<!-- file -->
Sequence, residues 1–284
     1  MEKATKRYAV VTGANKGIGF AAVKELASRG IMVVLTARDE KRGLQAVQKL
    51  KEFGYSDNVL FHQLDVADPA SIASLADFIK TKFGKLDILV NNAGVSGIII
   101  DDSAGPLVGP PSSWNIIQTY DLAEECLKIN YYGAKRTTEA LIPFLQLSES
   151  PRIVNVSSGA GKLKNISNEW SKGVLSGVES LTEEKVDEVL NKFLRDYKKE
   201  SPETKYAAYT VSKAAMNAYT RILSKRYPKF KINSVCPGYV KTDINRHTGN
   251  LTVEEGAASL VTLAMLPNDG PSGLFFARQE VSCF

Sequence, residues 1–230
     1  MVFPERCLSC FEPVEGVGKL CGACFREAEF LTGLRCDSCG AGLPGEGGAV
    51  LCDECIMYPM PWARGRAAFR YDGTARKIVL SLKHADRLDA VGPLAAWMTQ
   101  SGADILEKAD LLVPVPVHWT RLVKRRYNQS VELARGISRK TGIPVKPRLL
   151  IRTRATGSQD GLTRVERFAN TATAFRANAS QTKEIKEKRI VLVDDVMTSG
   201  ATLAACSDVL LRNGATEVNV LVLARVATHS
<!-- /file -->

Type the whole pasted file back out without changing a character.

Sequence, residues 1–284
     1  MEKATKRYAV VTGANKGIGF AAVKELASRG IMVVLTARDE KRGLQAVQKL
    51  KEFGYSDNVL FHQLDVADPA SIASLADFIK TKFGKLDILV NNAGVSGIII
   101  DDSAGPLVGP PSSWNIIQTY DLAEECLKIN YYGAKRTTEA LIPFLQLSES
   151  PRIVNVSSGA GKLKNISNEW SKGVLSGVES LTEEKVDEVL NKFLRDYKKE
   201  SPETKYAAYT VSKAAMNAYT RILSKRYPKF KINSVCPGYV KTDINRHTGN
   251  LTVEEGAASL VTLAMLPNDG PSGLFFARQE VSCF

Sequence, residues 1–230
     1  MVFPERCLSC FEPVEGVGKL CGACFREAEF LTGLRCDSCG AGLPGEGGAV
    51  LCDECIMYPM PWARGRAAFR YDGTARKIVL SLKHADRLDA VGPLAAWMTQ
   101  SGADILEKAD LLVPVPVHWT RLVKRRYNQS VELARGISRK TGIPVKPRLL
   151  IRTRATGSQD GLTRVERFAN TATAFRANAS QTKEIKEKRI VLVDDVMTSG
   201  ATLAACSDVL LRNGATEVNV LVLARVATHS